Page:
When should I consider collaborative divorce?

Collaborative divorce FAQs

There isn't one right way to go about divorce. Each divorce is as unique as the marriage that preceded it. A divorce is rarely ideal, of course, but there are ways to help make divorce a process by which there is still room for shared parenting, financial independence, and the willingness and ability to start fresh as newly single.

If a level of amicability is a goal in your divorce, you may be wondering about the benefits and disadvantages, if any, of collaborative divorce. Below are answers to the commonly asked questions regarding collaborative divorce to help you determine if collaborative divorce is right for you.

How is collaborative divorce different?

Collaborative divorce is a way by which the parties to a divorce can agree to the terms of the divorce without judicial intervention. Because each party has a say in the outcome, it is easier for each side to prioritize their main goals and work towards a mutually satisfactory solution.

Collaborative divorce is not "adversarial," meaning that each party isn't arguing before a judge to win the case. Instead, each party to the divorce retains his or her own attorney to represent them throughout negotiations between the two parties. If the parties agree, each side can also hire financial advisors, divorce coaches, and other experts as needed to improve the overall process and help the transition for the whole family.

Read more about the collaborative process here.

When is collaborative divorce appropriate?

Collaborative divorce requires both parties to be willing and able to negotiate. Because each side is represented by his or her own attorney, it does not require the two parties to be experienced negotiators or knowledgeable about legal minutiae, but it does require the ability to have discussions centered around the attainable goals of each party to the divorce.

Collaborative divorce is therefore appropriate for couples who wish to save money (to avoid the cost of litigation), have a relationship post-divorce, or in cases where both parties can agree on a majority of the issues in divorce, such as property division, spousal support, and custody.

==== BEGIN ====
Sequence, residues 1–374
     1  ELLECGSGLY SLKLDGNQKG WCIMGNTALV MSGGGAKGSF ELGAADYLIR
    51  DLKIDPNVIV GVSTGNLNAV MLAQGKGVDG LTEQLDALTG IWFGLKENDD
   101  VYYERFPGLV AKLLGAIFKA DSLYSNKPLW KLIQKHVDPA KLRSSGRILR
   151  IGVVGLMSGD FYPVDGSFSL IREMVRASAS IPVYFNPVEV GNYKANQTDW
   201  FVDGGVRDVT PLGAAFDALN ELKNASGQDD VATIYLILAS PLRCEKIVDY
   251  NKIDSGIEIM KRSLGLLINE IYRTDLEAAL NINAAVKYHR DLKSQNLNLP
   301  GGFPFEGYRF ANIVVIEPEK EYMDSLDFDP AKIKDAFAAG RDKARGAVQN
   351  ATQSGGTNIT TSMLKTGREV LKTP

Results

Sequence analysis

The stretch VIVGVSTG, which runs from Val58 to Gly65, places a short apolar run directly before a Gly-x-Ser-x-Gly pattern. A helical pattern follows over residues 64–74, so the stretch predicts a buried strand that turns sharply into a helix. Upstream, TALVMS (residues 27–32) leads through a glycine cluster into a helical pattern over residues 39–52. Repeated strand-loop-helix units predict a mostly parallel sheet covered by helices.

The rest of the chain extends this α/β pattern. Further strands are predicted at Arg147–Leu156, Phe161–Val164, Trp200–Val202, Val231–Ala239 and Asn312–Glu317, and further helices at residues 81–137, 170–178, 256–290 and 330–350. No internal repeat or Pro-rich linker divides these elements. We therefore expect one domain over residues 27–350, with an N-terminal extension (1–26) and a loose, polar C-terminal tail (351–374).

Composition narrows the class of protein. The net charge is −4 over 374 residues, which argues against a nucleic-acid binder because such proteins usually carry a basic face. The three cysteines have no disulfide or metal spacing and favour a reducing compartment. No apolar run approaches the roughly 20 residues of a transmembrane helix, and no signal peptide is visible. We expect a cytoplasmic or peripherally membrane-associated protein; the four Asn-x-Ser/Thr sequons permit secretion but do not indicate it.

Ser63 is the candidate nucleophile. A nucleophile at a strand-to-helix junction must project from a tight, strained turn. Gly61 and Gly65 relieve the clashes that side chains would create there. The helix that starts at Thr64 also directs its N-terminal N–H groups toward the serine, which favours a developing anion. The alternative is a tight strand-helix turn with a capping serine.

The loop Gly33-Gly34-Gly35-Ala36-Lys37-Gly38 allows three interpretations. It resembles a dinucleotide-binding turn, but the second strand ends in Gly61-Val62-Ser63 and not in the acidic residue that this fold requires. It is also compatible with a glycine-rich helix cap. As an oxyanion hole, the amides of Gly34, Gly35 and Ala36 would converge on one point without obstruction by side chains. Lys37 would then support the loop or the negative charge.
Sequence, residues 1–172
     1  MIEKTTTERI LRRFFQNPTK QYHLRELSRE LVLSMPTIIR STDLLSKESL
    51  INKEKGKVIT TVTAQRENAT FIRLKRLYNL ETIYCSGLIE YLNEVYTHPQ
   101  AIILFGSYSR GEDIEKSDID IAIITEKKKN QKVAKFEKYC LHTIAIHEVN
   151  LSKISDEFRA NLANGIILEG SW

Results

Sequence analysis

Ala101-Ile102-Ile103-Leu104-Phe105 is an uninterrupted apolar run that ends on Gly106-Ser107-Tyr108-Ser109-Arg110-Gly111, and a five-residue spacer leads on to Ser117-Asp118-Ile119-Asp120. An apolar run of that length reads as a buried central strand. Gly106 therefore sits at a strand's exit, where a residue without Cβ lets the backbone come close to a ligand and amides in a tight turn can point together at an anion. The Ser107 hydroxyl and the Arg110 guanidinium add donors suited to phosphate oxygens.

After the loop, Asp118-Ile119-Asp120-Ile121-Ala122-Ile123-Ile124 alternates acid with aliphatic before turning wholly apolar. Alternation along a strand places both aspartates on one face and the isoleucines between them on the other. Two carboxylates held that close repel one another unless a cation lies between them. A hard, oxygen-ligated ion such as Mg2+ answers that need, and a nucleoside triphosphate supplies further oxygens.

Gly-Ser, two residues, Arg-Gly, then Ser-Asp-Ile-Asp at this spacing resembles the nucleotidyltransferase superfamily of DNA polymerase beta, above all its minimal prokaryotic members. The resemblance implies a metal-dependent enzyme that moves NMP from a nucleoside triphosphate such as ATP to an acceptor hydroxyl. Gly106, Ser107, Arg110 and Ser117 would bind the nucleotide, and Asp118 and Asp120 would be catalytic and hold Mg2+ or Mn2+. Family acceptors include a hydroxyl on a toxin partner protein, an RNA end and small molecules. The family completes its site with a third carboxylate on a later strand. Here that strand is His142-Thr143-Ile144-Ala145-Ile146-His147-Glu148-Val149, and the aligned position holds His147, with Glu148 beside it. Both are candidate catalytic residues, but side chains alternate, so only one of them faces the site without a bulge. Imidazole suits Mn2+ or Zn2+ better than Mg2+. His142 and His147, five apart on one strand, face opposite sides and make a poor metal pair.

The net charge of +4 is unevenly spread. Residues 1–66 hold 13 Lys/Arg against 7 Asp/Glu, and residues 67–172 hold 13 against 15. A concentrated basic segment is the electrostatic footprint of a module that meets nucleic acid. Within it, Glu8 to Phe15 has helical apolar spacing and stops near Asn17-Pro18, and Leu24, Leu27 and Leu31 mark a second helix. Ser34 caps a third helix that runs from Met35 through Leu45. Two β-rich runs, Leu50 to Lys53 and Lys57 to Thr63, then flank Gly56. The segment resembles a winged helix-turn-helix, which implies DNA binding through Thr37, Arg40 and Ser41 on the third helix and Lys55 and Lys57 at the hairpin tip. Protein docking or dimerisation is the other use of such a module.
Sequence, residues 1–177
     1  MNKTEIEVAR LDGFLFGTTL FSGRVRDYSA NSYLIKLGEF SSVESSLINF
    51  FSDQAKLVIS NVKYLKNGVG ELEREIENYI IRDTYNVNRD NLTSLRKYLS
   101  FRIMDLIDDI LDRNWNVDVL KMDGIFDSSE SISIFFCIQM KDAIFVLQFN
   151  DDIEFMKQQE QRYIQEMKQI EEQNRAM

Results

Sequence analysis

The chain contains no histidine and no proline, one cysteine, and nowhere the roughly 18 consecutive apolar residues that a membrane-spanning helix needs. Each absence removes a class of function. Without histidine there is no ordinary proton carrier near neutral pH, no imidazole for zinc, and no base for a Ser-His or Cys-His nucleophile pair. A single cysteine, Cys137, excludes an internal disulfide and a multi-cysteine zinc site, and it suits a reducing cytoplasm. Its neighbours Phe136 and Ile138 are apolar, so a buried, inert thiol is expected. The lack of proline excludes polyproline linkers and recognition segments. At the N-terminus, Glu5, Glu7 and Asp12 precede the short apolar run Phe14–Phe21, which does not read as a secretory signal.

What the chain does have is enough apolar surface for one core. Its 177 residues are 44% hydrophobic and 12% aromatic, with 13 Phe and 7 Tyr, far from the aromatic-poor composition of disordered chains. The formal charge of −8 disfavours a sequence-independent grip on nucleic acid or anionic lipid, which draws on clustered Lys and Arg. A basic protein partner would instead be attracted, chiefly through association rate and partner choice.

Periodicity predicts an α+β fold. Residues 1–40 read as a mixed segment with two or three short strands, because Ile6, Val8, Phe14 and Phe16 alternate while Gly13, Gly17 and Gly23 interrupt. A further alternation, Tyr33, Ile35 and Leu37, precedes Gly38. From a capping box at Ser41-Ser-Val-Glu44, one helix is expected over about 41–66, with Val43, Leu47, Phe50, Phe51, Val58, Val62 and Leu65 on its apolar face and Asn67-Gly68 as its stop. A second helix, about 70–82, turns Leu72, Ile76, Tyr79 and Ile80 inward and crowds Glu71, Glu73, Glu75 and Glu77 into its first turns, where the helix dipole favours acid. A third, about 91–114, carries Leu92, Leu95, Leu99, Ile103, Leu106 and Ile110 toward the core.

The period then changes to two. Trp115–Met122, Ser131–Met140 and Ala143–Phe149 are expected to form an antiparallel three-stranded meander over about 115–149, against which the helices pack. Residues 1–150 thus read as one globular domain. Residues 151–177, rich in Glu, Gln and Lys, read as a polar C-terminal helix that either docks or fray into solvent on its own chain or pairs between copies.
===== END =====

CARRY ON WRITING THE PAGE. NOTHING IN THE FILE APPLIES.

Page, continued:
Read about the benefits of collaborative divorce here.

When is collaborative divorce not appropriate?

A collaborative divorce requires a certain amount of cooperation and trust. If you feel that your soon-to-be ex may be hiding assets, collaborative divorce might not be appropriate. In situations involving family and domestic abuse, collaborative divorce is not recommended. And if there are simply some issues that are non-negotiable and take priority, a more traditional approach to divorce may be better. For example, if you think your children are better off under your sole custody and your spouse disagrees.

Read about child custody in California here.

Keep in mind that choosing not to pursue collaborative divorce does not necessarily mean you are going to become embroiled in a lengthy and contentious divorce. It just means that the more traditional approach to divorce is right for you, to protect your interests and your family.

I have more questions. Where can I get them?

Because divorce is unique for everyone, there generally are no bright-line rules regarding which approach is best. You may be wondering how you would know if your spouse is not being entirely honest about finances, for example.

At Miller & Associates, our attorneys are experienced mediators and litigators familiar with all aspects of collaborative divorce in California. If you are considering a collaborative divorce, contact our office to discuss your situation and legal options.

Keywords: Collaborative divorce, FAQ, divorce, California, child custody, mediation, litigation